1b. KDE claims the corruption might have started months ago. If they ran git fsck on any of the mirrors after doing a mirror and taking it offline, they would have discovered the problem months ago.
2. After running git fsck on the mirror, they should then take a snapshot /backup of it. They'd be guaranteed that all their snapshots / backups were sane because the mirror is offline so people aren't pushing to it and it's also git fsck clean.
3. Keep backups that date back for a solid year, I'm shocked that people still don't do this, but it should be obvious.. Also, make sure those backups are stored at least a couple hundred miles away from your nearest online server because I've known plenty of companies that spend a lot of money doing backups to tape, only to have them wiped out in the same natural disaster.
In any case, ZFS is still not a substitute for backups. So a failure mode slightly different could have potentially been equally catastrophic.
With that said, the people that claim ZFS is a substitute for backups are those trying to refute the idea, such as yourself. No one who uses ZFS makes such claims.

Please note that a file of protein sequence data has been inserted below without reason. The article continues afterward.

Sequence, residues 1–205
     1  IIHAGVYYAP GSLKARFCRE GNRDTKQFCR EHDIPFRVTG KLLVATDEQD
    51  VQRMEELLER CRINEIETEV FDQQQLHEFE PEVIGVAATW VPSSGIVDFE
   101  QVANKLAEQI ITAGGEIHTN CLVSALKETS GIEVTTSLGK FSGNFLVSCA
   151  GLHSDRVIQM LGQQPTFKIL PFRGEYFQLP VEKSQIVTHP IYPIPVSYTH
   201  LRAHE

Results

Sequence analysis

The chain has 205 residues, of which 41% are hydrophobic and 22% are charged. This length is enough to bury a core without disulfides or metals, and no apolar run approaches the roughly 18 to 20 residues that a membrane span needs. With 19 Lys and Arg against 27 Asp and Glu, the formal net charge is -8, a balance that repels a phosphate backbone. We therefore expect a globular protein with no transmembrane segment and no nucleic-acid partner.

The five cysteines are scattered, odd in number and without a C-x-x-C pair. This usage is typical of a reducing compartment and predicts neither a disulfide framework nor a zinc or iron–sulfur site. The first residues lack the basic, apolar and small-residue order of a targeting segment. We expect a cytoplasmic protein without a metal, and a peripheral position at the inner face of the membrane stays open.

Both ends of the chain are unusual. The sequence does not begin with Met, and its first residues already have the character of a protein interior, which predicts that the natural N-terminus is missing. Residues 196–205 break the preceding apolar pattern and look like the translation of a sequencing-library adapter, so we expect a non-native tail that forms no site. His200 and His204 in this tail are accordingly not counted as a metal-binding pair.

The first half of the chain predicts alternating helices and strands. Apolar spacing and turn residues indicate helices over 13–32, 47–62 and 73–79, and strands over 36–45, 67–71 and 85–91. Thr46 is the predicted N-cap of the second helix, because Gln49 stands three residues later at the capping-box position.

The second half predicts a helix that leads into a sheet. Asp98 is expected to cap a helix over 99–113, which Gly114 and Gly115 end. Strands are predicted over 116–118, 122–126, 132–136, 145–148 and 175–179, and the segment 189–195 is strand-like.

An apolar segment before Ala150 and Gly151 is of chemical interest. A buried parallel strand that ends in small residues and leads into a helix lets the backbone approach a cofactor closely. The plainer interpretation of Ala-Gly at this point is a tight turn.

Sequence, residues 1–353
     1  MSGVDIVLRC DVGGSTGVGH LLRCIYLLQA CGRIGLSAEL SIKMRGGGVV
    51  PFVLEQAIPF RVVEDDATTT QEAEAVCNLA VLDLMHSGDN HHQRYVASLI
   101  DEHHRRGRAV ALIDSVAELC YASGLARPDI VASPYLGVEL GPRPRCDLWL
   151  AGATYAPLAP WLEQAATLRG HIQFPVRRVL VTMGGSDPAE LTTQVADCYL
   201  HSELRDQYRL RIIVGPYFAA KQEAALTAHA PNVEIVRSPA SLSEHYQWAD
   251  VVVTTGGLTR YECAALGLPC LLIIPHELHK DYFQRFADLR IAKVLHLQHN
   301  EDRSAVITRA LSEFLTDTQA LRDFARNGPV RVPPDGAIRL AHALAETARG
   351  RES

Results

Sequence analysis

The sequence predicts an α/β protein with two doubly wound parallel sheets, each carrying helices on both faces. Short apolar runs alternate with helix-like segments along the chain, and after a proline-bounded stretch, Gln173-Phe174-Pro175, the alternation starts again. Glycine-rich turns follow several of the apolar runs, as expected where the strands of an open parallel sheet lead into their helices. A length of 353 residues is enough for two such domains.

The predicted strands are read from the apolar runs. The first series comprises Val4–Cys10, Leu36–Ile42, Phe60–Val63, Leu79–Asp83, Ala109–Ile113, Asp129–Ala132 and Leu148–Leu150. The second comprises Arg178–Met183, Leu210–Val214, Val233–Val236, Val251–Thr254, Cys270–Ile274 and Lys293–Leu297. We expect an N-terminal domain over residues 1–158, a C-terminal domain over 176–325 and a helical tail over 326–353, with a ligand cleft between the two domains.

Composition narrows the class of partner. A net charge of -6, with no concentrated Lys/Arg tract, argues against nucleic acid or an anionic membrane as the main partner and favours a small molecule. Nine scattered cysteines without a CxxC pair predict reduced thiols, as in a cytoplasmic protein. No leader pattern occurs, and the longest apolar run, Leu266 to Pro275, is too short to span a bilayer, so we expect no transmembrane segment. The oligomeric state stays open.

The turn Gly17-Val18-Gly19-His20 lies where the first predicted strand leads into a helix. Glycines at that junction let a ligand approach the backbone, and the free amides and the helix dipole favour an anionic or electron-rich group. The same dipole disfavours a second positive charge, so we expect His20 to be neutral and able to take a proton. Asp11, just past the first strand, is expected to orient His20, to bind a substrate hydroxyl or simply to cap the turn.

ZFS (and BTRFS) are a *possible backup* solution, but it has not much to do with checksuming and bit-perfect control or in any other way being bullet-proof.
Shit happens. Today it was a bad fsck.ext4, tomorrow it might something completely different (hardware failure, bug in git itself, whatever)...
No matter how much you argue that problem XyZ would have been prevented by that special feature #1322 of filesystem AbC, one day will come when some un predicted problem will fry your setup. It's not a matter of robustness, it's a matter of *TIME*. All things fail eventually, for some reasons or another.
A proper backup solution isn't a mirror. A proper backup solution is the one which can answer the case : "Oh shit! I don't have proper copy of file Foo.Bar I need to go back a few months ago when I had the correct version still around".
ZFS and BTRFS happen to be also good solutions for that. Not because of robustness, but because they feature "copy-on-write", data deduplication and so on. Thus snapshotting comes for "free".